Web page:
Again, with the crazy "knowlege" out of nowhere? I had an idea where she heard this slightly misleading info, however, but I asked how she knew that anyway.
Sam looked up at me and said "Well, I watch a lot of commercials."

That's just fabulous. Way to make me feel like super mom, Sam. Thanks. I really wish it didn't cost extra for the kids cable channels without commercials. Because, lets face it, I'm not going to take away all the TV, that's just crazy talk! I'd never shower alone again (even with the TV, odds are about 70% I'll get a visitor staring at the glass door asking for a snack or something). If I ask for privacy, but Sam considers it "really important" she's come barging in with her crochet blanket over her head, so I can have my privacy. When I ask her how she runs in like that without bumping into things, she says she can see through it. When I ask how I'm getting privacy if she can in fact see through it, she asks why I would want her to bump into things and looks as me like I'm the crazy person here. Then I sigh and vow to wake up at 5am before Daniel leaves to get a solo shower. The next day, I will not get up at five. It's a fun little game we play.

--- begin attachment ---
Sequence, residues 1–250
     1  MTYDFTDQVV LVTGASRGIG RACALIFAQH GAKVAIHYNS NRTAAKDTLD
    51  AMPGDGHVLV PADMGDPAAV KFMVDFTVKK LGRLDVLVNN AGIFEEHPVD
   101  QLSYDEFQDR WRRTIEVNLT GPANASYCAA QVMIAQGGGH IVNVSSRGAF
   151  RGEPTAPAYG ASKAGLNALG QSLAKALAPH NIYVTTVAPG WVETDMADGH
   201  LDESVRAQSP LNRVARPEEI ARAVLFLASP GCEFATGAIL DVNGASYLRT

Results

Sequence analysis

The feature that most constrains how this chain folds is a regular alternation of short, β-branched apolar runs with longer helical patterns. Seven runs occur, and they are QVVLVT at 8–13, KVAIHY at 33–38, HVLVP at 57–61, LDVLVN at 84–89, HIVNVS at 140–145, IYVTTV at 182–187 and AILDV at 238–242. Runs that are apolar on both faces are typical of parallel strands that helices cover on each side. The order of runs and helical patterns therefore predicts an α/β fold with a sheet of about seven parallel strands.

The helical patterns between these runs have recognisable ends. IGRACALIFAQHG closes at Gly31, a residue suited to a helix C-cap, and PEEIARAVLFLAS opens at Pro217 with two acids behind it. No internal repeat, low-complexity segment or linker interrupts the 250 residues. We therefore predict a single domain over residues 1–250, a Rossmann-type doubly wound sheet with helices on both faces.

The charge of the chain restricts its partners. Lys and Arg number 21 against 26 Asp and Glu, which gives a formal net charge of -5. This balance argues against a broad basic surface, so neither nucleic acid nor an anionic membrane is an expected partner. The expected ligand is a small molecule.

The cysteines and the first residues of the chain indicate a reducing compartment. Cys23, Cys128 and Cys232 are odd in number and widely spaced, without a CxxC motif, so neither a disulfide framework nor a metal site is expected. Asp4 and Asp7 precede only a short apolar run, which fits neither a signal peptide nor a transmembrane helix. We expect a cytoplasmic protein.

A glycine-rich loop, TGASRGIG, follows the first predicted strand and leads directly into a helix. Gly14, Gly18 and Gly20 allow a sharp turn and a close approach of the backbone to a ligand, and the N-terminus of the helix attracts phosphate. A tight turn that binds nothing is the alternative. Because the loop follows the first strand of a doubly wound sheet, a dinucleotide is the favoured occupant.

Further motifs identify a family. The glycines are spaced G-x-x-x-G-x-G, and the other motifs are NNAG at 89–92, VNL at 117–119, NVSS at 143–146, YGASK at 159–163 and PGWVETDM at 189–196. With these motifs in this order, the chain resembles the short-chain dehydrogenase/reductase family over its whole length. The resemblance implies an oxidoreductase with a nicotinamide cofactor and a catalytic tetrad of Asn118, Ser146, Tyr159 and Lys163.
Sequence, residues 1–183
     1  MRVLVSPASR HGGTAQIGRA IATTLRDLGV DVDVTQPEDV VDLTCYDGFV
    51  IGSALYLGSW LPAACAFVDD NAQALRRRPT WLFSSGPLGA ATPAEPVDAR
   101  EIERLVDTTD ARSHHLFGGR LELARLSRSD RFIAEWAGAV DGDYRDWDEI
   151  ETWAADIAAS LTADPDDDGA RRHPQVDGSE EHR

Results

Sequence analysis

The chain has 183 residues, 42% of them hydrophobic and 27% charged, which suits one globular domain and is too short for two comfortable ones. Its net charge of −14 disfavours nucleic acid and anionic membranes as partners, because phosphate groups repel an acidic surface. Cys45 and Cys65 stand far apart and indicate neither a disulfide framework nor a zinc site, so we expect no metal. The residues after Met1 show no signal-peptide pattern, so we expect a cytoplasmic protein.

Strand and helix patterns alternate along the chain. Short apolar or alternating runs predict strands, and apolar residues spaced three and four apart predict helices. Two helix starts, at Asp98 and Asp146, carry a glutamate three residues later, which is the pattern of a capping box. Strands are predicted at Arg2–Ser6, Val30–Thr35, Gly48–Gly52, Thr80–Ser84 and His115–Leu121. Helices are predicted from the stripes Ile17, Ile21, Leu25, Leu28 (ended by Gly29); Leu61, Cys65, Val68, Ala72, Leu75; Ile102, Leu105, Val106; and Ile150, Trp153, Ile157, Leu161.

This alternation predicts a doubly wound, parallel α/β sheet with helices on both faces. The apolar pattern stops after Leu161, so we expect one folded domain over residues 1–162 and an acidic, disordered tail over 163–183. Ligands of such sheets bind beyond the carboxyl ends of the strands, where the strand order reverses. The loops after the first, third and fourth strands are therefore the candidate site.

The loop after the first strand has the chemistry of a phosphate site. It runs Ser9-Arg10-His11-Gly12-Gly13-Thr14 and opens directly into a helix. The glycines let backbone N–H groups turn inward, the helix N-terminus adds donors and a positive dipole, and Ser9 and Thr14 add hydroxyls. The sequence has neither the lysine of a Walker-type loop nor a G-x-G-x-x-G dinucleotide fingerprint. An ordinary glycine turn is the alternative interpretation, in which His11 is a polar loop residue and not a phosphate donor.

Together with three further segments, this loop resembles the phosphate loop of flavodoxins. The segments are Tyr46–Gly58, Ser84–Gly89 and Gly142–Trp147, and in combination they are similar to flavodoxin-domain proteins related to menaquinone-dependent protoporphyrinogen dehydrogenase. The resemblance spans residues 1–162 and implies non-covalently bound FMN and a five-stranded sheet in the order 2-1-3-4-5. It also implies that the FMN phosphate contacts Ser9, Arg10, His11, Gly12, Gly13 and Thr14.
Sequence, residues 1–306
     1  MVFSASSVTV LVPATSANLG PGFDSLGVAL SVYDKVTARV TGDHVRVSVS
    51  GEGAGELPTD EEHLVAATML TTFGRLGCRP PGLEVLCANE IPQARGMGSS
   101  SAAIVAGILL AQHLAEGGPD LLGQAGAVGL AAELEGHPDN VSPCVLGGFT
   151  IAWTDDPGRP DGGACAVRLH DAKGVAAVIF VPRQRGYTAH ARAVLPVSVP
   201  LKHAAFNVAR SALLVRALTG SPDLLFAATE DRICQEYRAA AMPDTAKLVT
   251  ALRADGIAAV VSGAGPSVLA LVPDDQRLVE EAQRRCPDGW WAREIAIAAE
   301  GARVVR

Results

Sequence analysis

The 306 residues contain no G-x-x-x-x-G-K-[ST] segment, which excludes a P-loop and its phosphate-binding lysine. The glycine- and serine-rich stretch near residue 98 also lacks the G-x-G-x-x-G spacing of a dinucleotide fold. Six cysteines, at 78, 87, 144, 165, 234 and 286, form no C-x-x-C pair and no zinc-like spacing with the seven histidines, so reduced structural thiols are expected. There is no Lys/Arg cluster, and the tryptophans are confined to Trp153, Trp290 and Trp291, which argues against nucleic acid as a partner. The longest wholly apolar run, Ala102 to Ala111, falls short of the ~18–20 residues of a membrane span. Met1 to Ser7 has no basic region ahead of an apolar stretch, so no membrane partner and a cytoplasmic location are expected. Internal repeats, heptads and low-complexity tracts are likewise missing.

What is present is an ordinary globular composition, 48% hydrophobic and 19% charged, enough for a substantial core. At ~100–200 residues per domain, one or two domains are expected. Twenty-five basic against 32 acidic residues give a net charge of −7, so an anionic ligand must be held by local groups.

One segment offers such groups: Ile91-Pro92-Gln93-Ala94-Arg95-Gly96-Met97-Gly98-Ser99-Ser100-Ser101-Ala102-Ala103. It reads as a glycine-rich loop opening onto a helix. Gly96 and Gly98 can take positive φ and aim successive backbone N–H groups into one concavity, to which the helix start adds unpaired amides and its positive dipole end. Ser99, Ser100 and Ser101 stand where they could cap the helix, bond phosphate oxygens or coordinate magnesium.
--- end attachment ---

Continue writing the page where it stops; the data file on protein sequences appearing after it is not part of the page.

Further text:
Anyway, it may not be what I think she's absorbing, and it may not be what I want her to be picking up, but yes, Sam is always learning. The only problem is, after she busts out random trivia knowledge like how much the local aquarium costs, it becomes even harder not to lose it when she says she "forgot" she was supposed to put her toys away after seventeen reminders. Or when she says she forgot that we discussed her bursting in with a blanket on her head is not actually "respecting mom's privacy" after all.

I know what her little brain is capable of, and so does she--making mom's brain explode.